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Hepatitis A and hepatitis B are two members of a family of closely related diseases -- the others being hep C, D, and E -- that are caused by a viral infection.

Although each of those viruses is different, the diseases are similar. Hepatitis is marked by liver inflammation, and it can be serious or even life-threatening.

Although there are no vaccines for hepatitis C, D, or E, there are safe and effective vaccines that can prevent hep A and B. There is also a combination vaccine that guards against both diseases.

Who Should Get the Hepatitis A Vaccine?

The CDC recommends that all children between ages 12 months and 23 months be vaccinated with it.

The following people are also considered at risk for the disease and should be vaccinated:

  • Children and teens through age 18 who live in states or communities that have implemented routine vaccination because of a high rate of disease
  • Men who have sex with men
  • Anyone who uses street drugs
  • People with long-term liver disease
  • Anyone treated with blood clotting drugs, such as people with hemophilia
  • Anyone who works with HAV-infected primates or in HAV research laboratories. (HAV is like HIV in animals.)

You should not get the vaccine if you're allergic to any ingredients in it or if you had a severe allergic reaction to an earlier dose of it. Tell your doctor about any allergies you have.

If you're pregnant, let your doctor know. The safety of this vaccine for pregnant women is unknown, although the risk is considered to be very low.

Who Should Get the Hepatitis B Vaccine?

The CDC recommends it for all babies, who should get their first dose as newborns.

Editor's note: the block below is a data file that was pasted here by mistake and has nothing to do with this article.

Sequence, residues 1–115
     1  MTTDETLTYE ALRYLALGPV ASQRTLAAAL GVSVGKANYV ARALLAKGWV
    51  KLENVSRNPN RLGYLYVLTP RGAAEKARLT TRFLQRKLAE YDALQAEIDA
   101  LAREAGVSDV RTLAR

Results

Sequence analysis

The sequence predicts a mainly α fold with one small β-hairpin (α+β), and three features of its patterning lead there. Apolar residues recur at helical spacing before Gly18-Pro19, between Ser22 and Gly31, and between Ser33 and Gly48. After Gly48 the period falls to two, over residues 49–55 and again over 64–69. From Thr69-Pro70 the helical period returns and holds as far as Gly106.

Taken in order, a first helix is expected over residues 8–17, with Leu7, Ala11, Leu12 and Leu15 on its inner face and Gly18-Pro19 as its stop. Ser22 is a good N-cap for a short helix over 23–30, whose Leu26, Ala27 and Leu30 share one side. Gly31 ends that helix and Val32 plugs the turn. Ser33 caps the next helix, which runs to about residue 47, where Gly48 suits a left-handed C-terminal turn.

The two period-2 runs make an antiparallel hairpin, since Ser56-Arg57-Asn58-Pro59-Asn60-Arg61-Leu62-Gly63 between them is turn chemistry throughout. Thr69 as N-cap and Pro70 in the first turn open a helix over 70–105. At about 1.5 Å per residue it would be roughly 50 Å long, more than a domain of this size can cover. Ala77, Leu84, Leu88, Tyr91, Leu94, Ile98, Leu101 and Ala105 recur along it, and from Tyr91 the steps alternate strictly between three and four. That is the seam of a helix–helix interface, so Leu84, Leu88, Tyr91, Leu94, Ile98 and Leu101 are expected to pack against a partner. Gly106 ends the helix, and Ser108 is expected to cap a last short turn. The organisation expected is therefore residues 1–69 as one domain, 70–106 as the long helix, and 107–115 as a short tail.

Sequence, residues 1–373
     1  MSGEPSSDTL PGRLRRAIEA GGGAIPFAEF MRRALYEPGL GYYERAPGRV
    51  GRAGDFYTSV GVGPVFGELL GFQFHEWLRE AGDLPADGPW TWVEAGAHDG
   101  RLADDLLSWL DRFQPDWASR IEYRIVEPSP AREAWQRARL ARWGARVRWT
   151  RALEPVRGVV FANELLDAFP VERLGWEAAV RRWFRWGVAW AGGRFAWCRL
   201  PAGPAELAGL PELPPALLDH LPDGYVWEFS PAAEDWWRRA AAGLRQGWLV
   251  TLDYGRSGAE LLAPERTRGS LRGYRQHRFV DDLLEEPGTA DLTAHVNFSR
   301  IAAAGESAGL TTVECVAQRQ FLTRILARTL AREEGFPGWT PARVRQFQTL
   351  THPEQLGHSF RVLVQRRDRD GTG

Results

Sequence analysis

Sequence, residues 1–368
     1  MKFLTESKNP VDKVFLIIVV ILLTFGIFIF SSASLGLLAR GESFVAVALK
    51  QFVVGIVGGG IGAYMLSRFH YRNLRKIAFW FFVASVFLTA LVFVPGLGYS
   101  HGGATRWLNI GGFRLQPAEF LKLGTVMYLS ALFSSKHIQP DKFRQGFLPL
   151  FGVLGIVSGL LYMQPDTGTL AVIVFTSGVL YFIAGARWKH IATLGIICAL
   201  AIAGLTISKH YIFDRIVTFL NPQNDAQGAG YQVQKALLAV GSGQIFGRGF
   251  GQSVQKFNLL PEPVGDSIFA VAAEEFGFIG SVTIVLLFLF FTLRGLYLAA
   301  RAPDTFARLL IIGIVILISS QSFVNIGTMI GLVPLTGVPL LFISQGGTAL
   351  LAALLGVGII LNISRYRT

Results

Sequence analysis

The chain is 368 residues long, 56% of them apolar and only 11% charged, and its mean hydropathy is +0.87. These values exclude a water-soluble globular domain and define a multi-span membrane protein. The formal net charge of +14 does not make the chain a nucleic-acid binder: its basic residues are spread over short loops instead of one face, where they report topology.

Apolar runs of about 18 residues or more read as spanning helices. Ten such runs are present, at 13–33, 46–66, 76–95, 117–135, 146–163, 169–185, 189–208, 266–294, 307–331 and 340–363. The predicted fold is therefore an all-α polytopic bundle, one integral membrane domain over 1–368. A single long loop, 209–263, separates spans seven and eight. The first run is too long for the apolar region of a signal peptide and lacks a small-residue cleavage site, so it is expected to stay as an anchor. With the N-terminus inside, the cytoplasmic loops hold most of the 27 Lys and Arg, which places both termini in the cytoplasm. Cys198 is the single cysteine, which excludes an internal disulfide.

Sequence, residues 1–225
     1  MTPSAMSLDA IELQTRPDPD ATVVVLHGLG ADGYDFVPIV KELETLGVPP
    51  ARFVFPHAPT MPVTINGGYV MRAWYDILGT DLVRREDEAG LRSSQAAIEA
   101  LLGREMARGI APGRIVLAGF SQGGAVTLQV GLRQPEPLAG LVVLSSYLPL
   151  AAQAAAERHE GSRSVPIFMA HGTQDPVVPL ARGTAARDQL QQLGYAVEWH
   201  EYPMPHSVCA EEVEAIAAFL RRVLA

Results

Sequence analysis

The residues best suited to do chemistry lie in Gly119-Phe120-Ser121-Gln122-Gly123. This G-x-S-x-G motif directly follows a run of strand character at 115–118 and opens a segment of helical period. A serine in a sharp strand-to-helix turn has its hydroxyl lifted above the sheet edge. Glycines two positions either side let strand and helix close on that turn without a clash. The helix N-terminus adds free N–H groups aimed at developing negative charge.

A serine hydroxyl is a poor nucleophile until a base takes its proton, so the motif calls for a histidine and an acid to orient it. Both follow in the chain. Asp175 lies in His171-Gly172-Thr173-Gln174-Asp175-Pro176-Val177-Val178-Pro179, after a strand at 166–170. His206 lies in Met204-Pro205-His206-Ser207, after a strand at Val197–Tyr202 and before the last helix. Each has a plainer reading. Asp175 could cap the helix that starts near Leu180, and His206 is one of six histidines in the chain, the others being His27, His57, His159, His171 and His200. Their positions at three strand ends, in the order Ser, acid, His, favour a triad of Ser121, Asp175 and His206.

Other people who need it include:

  • Children and teens younger than age 19 who haven't been vaccinated
  • Anyone who has a sex partner with hepatitis B
  • People who are sexually active but aren’t in a long-term relationship in which both partners are monogamous
  • Anyone being evaluated or treated for an STD
  • Men who have sex with men
  • People who share needles used to inject drugs
  • Anyone who lives with someone who has hep B
  • Anyone whose job routinely puts them at risk for coming in contact with blood or blood-contaminated body fluids
  • People with end-stage kidney (renal) disease
  • People who live and work in facilities for people who are developmentally disabled
  • Travelers to regions with moderate to high rates of hepatitis B
  • People with chronic liver disease
  • People with HIV infections

You should not get the vaccine if you had a severe allergic reaction to an earlier dose or are allergic to yeast, because yeast is used to make the vaccine.

Make your flu shot make a world of difference.

  • You can help provide a lifesaving vaccine to a child in need through the United Nations Foundation’s Shot@Life campaign.